I mentioned yesterday that during our day in Mandurah, we stumbled upon an art exhibit. We were literally about to sit down on a picnic bench to wait until we could go get seats for our movie when we spotted the sign for Contemporary Art Spaces Mandurah. Just around the corner was an art space that not only had an amazing exhibit happening but just so happened to be offering free food and drinks while some of the artists spoke about their pieces! The exhibit we were privileged to see was called "Wearable Art Mandurah" - an event where "local, national, and international artists are invited to create revolutionary works of art on the body." Come along with me and I'll show you some of these amazing pieces!
Gondwana Triumphant by Annie Williams
We heard the artist speak about her inspiration for this piece - a local landscape had been destroyed by a wildfire, which devastated the local flora. The black/white/gray of her piece indicate the ash and remnants that were left after the fire. And yet, it also speaks to the growth and life that came after the fire as the land was resilient and everything eventually returned to life. When on the runway the model wore a black bodysuit over which this piece hung, almost like a cage. Here is what Ms. Williams wrote about her piece for the showcase program: "The unique flora of Australia is destroyed yet invigorated by fire and water. My work celebrates the adaptation to fire and triumph of plants evolving over millennia. Heat fused, recycled plastic and reticulation pipe, ubiquitous in our modern landscape, represent the resilient ancient flora that thrives phoenix-like after the fire.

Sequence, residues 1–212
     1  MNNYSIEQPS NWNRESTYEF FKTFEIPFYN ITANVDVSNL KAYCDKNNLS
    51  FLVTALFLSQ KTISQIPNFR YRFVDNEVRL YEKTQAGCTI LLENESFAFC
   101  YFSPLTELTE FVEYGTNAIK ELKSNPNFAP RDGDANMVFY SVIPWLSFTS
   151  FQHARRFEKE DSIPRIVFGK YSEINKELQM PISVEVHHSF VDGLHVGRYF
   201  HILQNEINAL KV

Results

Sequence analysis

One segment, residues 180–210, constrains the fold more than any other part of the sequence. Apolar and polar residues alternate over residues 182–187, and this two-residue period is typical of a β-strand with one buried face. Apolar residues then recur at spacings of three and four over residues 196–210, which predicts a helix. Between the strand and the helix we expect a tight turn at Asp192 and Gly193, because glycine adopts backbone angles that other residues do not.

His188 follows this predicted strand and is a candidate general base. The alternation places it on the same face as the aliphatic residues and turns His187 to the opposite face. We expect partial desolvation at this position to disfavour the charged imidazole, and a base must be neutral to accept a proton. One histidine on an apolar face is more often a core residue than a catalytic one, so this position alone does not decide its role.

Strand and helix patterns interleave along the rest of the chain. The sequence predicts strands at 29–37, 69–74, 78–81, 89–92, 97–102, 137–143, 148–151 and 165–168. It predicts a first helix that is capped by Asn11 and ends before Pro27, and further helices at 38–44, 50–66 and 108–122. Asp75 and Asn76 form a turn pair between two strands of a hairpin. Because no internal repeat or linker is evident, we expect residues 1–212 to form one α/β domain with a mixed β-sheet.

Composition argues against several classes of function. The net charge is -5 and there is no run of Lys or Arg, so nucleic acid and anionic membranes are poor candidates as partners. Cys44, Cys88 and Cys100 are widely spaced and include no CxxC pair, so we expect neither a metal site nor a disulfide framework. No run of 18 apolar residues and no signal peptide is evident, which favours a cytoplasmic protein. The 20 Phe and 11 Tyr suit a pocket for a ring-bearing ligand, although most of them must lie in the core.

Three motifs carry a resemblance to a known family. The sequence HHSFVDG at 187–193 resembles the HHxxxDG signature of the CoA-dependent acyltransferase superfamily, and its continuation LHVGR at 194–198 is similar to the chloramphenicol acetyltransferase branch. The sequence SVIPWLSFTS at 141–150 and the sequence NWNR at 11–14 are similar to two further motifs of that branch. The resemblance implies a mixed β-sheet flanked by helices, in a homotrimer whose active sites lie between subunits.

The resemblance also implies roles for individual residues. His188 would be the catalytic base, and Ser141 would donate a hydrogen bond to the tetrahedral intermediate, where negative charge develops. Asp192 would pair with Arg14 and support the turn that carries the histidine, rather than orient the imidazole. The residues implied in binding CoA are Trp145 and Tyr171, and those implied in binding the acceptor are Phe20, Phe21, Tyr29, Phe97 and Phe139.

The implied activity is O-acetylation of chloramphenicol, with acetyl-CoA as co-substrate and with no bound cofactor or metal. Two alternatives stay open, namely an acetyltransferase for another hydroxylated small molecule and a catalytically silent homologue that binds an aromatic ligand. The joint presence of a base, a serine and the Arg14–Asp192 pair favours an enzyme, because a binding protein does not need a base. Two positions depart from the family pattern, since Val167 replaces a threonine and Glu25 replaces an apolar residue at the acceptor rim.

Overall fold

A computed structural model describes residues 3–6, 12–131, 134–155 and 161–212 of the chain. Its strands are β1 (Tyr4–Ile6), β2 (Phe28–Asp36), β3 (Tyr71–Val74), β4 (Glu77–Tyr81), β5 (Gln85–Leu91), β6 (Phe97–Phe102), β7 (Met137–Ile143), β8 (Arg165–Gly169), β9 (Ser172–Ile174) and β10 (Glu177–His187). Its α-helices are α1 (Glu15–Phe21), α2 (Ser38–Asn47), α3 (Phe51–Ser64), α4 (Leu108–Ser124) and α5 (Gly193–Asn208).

Mourning Birds by Meagan Howe
The artist spoke emotionally about this piece, as it was inspired by a very sad wildlife phenomenon occurring in Australia. Here is what she wrote in the showcase program: "Flesh-footed Shearwater, migratory birds that breed in Australian waters. Autopsied fledglings reveal stomachs full of plastic, mistakenly fed to them by their seafaring parents looking for squid. Too heavy to fly, the die on the pristine beaches of Lord Howe Island. Mother Earth is mourning." You can see the dress looks very much like a mourning outfit from centuries before. The dead birds on the skirt were made from recycled plastic and the whole piece is a testament to how we are treating our planet and its inhabitants.
Suburban Splendor by Jacqueline Gibson
"This creation celebrates the splendour of the suburban backyard where life flourishes around the flowering gum and the summer air is cool from the flutter of wings both big and small. The vibrant colour of our local flora and fauna is a delight to visitors. Our ordinary is exotic." That last sentence definitely sums up how I feel about a lot of Australia! This dress is a celebration of life that is found here.
Kolukalu by Seinileva Huakau
"Kolukalu is a representation of the environment we live in now. It speaks about how different generations of the same family have adapted and adopted new materials into the traditional making practices. By relearning, practising and teaching these techniques we not only keep the tradition of weaving, we learn how to preserve our environment."
I Am So Dizzy by Deb Hiller
"Inspired by the optical illusions I found fascinating as a child, I created my artwork. My intention is to use form and a strong black and white design mimicking and accentuating movement, to show the feeling of spinning until you lose control and balance. Getting dizzy is so much fun." We heard the artist speak about this piece as well, and she emphasized how the three layers of the skirt were built to be independent of each other for maximum movement. I would love to see this dress on someone and moving!